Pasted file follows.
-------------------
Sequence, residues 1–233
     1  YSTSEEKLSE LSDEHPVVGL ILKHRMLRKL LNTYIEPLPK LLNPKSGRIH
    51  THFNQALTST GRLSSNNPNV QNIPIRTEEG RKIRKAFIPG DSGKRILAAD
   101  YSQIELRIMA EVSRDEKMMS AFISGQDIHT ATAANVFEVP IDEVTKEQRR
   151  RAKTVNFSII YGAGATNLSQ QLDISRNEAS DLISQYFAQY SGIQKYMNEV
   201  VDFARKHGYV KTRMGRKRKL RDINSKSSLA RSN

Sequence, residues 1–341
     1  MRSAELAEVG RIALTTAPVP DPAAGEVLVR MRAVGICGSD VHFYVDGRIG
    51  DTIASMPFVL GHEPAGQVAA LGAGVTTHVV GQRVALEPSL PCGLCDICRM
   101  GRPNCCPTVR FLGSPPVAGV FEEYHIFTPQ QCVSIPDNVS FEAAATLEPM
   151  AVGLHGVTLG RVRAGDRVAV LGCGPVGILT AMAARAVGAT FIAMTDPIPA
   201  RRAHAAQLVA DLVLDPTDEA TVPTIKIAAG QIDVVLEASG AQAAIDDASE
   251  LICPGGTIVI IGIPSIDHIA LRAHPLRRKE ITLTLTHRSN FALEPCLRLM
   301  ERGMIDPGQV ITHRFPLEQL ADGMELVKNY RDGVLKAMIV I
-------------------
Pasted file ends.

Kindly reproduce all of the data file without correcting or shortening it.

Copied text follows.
Sequence, residues 1–233
     1  YSTSEEKLSE LSDEHPVVGL ILKHRMLRKL LNTYIEPLPK LLNPKSGRIH
    51  THFNQALTST GRLSSNNPNV QNIPIRTEEG RKIRKAFIPG DSGKRILAAD
   101  YSQIELRIMA EVSRDEKMMS AFISGQDIHT ATAANVFEVP IDEVTKEQRR
   151  RAKTVNFSII YGAGATNLSQ QLDISRNEAS DLISQYFAQY SGIQKYMNEV
   201  VDFARKHGYV KTRMGRKRKL RDINSKSSLA RSN

Sequence, residues 1–341
     1  MRSAELAEVG RIALTTAPVP DPAAGEVLVR MRAVGICGSD VHFYVDGRIG
    51  DTIASMPFVL GHEPAGQVAA LGAGVTTHVV GQRVALEPSL PCGLCDICRM
   101  GRPNCCPTVR FLGSPPVAGV FEEYHIFTPQ QCVSIPDNVS FEAAATLEPM
   151  AVGLHGVTLG RVRAGDRVAV LGCGPVGILT AMAARAVGAT FIAMTDPIPA
   201  RRAHAAQLVA DLVLDPTDEA TVPTIKIAAG QIDVVLEASG AQAAIDDASE
   251  LICPGGTIVI IGIPSIDHIA LRAHPLRRKE ITLTLTHRSN FALEPCLRLM
   301  ERGMIDPGQV ITHRFPLEQL ADGMELVKNY RDGVLKAMIV I